After 2 years and 200 videos. Time for another competition! The prizes I have two prototype Super Duper Logger boards to give away along with one NanoPi Neo and a Nano Pi Neo Air. So a Super Duper board and NanoPi will go to a Patron and another Super Duper and NanoPi will go to regular subscribers. You can check Continue reading The 200th video competition. Woohoo!
Brief app note from OSRAM, LEDs for heart rate monitoring through skin reflection of emitted light. Link here (PDF)
This application note provides a short introduction into the general use of LEDs for wearable applications, with a focus on heart rate monitoring.
After having published my previous posts about the JQ6500 module, some readers wrote me about an error the MusicDownload.exe application shows when they click on the upload button to store the mp3 files in the flash memory.
The error is
flashdata error, have not define program mode in flashdata.ini!!
It seems that the application is not fully compatible with Windows 8 or 10.
To solve the problem, you only have to enable the Windows 7 compatibility mode:
With this setting, the upload process runs fine:
In the following video, you can see all the required steps:
A DIY hand crank Boostbox by lasersaber at LaserHacker:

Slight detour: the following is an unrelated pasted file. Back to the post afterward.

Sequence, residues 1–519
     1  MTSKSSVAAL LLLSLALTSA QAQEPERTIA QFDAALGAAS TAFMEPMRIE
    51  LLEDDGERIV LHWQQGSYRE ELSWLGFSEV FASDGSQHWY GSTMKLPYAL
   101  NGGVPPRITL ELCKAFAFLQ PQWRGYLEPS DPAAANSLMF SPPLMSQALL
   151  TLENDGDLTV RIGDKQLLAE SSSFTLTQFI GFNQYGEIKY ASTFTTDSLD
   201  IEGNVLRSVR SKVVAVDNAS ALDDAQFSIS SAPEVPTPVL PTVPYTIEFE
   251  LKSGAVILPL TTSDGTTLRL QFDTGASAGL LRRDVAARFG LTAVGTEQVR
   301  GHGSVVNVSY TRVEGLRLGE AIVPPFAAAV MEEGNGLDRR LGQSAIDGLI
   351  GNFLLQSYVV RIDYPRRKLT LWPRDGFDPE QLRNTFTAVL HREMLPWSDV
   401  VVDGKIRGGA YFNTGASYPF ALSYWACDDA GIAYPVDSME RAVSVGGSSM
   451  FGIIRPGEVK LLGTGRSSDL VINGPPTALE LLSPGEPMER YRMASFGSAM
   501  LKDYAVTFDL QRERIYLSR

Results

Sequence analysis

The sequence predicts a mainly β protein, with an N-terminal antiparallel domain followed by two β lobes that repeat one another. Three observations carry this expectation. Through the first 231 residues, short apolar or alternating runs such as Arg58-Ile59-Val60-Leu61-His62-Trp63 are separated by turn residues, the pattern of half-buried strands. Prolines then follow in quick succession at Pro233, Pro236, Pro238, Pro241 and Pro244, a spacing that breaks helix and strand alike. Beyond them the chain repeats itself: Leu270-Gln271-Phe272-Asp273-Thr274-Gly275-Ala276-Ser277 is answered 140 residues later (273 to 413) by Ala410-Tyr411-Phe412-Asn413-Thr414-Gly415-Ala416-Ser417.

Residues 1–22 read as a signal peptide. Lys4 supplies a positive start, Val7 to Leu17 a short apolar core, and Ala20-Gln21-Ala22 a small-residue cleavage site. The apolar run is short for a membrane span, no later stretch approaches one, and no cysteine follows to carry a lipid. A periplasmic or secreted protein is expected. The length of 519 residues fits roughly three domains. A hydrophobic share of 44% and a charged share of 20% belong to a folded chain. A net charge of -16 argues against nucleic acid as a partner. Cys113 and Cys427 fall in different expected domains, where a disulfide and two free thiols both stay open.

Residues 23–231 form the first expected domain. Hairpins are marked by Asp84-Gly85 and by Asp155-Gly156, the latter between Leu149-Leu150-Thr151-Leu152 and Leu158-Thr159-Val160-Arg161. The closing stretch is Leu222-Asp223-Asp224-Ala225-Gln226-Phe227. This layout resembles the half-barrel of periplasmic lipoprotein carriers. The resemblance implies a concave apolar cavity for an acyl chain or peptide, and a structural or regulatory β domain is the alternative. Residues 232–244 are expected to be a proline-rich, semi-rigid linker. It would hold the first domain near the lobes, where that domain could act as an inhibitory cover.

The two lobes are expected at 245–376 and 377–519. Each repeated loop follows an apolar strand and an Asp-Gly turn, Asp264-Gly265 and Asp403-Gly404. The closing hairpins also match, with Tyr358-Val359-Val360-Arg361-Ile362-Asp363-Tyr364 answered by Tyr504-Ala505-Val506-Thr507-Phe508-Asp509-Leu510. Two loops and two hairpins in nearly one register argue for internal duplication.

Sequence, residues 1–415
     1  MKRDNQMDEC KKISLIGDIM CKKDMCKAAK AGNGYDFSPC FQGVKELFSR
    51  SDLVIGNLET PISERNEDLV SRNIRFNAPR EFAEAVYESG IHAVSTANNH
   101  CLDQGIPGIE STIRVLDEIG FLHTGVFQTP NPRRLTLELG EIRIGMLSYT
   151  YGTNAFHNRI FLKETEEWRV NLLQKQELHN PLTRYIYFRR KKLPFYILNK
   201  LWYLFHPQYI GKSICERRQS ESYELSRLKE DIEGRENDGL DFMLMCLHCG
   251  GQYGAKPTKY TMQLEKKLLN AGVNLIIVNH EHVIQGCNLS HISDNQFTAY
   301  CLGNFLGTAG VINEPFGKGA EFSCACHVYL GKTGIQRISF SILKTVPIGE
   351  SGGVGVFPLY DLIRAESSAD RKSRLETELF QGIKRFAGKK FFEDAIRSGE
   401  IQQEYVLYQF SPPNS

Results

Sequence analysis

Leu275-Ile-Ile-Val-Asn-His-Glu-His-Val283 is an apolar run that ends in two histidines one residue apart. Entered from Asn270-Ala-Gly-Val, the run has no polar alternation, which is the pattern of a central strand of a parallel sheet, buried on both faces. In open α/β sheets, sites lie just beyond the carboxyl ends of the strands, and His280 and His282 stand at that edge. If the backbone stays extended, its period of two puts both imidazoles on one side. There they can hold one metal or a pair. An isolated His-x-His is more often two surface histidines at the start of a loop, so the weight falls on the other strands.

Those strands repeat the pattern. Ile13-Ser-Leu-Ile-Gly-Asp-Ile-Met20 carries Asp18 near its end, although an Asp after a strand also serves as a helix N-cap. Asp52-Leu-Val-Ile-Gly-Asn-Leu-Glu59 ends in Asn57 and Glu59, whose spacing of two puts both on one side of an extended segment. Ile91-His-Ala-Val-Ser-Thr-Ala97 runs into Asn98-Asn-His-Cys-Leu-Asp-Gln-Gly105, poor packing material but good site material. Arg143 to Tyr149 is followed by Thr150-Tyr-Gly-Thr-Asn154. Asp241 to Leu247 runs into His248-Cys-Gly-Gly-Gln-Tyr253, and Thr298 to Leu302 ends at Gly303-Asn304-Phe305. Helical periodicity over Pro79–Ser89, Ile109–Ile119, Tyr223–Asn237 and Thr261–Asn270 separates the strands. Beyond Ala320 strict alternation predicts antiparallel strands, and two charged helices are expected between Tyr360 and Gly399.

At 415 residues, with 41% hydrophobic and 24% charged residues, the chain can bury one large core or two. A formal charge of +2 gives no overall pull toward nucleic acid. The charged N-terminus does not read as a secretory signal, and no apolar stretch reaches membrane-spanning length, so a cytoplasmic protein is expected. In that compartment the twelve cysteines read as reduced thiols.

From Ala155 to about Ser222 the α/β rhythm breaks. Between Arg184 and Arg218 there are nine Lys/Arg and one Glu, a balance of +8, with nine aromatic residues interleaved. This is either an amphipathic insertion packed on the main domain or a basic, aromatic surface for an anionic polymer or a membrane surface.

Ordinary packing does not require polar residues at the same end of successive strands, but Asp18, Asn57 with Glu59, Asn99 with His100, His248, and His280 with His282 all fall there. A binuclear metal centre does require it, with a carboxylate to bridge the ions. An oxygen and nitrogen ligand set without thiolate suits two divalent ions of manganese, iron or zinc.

This easy to make box uses no batteries but can still power a lot of stuff. It really is a very versatile little BoostPack based device. It would be the perfect thing to have on hand in times of emergency.
Project info at LaserHacker project page.
Check out the video after the break.
Glen Akins shares his latest build the giant three key USB keyboard:
After seeing this giant mechanical keyboard at Adafruit, I decided I had to build my own. Adafruit made theirs out of wood and used one of their Python-compatible microcontroller boards. I wanted a sloped top on my keyboard. I also wanted to check out what was new with Microchip’s USB device stack. I decided to build my keyboard out of aluminum and use a PIC18 microcontroller.
See the full post on his blog here, Photons, Electrons, and Dirt.
In a previous post I presented the JQ6500 audio module. When you connect it to your computer, it’s detected as a CDROM drive.
I brought some modules from different webstores. A couple of them gave me the following error when I tried to browse the content of the CD:
Unable to access the disk. The disk may be damaged.
It seems that some manufacturers do not program the flash memory of the chip and therefore it doesn’t contain the MusicDownload.exe application.
Luckily, thanks to the work by Reinhard Max and Nikolai Radke, it’s now possible to recover those modules. From Nikolai’s Github repository it’s possible to download an ISO image with a minimal Linux distribution and the recovery toolkit:
After having downloaded the image, you can burn it to a CD (or use software like UNetbootin to transfer it to a bootable USB drive) and restart your PC with that image.